Investors in Chevron may be wary of a merger with Exxon, as the company is overseen by securities regulators and activist investors.
Callaghan O’Hara/Bloomberg News
Updated February 1. 20 at 2:28 p.m. Eastern time.
The current technical abundance of stocks is a step down from the 1990s. Oil investors are now experiencing their own déjà vu.
two key descendants of Rockefeller’s monopoly on Standard Oil, discussed a possible merger last year, the Wall Street Journal reported on Sunday. Shares of both companies barely moved Monday morning, perhaps indicating some skepticism about the possibility of such a deal.
Even though the idea seems to be the largest corporate merger in history, it is unthinkable. Current oil market conditions resemble those that have enabled mega-mergers in the oil sector since the late 1990s, when the Asian financial crisis led to a sudden collapse in global growth and demand for oil. The resulting viscosity has significantly weakened the energy giants, lowering costs and paving the way for more interconnections. Both Covid-19 and the Asian crisis reduced the average price of Brent crude oil by about a third in 2020 and 1998.
It was in this context that Exxon merged in 1999 with Mobil, then number one and number two in the United States. Chevron’s marriage to Texaco in 2001 then brought together numbers two and three. Together, Exxon and Chevron would supply about 4.3% of world oil demand, one percentage point more than the combined share of Exxon and Mobil one year after the merger.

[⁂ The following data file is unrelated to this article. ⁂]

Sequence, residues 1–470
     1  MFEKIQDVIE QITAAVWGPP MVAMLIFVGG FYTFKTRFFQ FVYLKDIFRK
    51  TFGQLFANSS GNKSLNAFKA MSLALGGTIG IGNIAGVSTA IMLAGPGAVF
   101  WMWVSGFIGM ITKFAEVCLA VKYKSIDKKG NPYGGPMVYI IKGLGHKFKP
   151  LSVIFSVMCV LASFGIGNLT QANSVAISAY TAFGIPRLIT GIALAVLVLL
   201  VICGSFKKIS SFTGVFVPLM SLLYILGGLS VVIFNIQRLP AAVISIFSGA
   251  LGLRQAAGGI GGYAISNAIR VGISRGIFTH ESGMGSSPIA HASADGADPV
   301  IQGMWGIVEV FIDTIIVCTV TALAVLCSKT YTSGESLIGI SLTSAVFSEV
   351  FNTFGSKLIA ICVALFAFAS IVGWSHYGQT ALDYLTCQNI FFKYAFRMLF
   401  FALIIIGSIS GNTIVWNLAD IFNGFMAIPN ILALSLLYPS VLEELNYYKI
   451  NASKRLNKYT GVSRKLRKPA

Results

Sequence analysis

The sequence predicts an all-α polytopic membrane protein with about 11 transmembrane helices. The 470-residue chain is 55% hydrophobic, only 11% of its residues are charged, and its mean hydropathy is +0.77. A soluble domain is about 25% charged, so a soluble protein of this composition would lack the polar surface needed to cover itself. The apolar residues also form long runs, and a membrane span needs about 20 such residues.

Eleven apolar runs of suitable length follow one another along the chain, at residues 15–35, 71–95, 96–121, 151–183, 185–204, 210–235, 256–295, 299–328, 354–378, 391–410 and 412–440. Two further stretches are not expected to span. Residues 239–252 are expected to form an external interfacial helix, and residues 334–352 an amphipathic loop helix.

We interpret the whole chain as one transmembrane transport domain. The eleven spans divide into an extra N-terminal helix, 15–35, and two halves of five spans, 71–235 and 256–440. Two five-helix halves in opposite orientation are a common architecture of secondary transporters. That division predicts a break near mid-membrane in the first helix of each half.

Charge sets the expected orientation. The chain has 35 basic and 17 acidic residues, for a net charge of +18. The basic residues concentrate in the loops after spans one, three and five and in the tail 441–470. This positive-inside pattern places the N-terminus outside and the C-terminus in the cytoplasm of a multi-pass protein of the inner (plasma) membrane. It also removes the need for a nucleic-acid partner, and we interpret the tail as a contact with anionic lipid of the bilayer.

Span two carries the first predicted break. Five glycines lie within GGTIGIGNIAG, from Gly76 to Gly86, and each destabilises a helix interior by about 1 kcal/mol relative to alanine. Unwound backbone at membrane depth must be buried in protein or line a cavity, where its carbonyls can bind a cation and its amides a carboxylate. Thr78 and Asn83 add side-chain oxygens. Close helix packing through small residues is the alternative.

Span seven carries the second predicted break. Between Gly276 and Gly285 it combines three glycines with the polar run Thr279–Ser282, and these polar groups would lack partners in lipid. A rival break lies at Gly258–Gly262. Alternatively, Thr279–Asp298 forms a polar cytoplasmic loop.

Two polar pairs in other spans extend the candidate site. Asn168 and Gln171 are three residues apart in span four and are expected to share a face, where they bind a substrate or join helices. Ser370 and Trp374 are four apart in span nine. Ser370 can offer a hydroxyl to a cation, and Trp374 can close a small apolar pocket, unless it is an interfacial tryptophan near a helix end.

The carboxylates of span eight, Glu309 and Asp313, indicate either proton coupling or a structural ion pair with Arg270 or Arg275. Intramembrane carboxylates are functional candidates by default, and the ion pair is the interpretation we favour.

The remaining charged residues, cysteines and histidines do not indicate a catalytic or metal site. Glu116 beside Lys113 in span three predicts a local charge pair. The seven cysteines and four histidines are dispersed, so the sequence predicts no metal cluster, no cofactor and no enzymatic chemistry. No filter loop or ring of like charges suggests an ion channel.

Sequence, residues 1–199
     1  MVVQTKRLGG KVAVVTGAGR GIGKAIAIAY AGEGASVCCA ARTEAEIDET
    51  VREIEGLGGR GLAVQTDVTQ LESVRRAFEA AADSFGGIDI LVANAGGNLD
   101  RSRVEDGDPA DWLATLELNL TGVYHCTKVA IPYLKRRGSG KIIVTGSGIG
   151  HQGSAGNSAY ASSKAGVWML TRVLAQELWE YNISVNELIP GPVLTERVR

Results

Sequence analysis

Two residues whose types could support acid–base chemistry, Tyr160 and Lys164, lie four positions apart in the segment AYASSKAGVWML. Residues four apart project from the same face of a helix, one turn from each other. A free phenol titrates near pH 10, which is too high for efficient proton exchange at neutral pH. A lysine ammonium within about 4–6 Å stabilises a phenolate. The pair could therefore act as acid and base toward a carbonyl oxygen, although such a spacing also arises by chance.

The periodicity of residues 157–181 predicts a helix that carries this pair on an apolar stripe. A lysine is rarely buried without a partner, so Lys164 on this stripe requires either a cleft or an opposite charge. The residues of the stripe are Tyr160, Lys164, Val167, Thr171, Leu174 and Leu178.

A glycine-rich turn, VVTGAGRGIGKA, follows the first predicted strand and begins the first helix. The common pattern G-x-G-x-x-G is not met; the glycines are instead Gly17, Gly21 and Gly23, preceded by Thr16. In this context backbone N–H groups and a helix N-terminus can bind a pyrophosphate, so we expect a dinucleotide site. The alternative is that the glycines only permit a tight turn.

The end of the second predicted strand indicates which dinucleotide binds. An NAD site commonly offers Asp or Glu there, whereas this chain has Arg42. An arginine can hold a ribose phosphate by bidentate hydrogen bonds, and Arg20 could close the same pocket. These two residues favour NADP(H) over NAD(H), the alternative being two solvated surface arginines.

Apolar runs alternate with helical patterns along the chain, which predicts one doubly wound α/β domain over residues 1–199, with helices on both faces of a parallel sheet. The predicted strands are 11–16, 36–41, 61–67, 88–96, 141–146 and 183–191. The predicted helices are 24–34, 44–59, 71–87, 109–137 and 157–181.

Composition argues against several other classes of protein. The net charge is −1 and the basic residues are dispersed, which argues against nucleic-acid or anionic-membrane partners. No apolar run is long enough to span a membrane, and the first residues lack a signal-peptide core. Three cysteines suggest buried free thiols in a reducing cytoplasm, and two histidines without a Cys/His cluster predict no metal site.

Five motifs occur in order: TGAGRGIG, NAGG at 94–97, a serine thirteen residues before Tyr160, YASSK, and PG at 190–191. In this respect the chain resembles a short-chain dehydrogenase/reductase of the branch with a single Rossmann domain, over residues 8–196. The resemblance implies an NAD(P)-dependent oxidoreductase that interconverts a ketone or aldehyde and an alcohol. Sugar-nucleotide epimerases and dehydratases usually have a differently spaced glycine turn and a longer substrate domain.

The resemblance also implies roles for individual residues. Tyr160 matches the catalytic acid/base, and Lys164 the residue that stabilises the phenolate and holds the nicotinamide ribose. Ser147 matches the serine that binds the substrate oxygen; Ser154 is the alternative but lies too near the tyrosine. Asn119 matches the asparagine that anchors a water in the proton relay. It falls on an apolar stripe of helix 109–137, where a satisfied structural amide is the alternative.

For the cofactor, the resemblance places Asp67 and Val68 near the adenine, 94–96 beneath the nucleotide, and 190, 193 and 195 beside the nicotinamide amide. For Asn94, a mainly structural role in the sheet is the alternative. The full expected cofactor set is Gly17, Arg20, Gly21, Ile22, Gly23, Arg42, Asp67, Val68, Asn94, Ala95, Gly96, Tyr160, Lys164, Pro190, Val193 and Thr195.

It is not clear to what extent the agreement is about to be concluded. In addition to antitrust concerns, investors in Chevron may be wary of a merger with Exxon, as the company is controlled by securities regulators and activist investors.
But this news clearly shows how weak the energy markets have become. This combination brings back at least four pieces of Standard Oil. At the height of its dominance, Standard Oil controlled 95% of U.S. oil refineries long before anyone realized that places like Saudi Arabia, Iran, and Venezuela had huge oil fields, and decades before state-owned companies were the real Big Oil.
The fact that Exxon and Chevron are considering the unthinkable shows that their leaders understand the magnitude of the problems in the oil market.
The abundance of fossil fuels, combined with the development of wind and solar technologies, has driven down energy prices worldwide. WSJ explains how it all happened at the same time. Photographic illustration: Carlos Waters/WSJ (originally published July 21, 2020).
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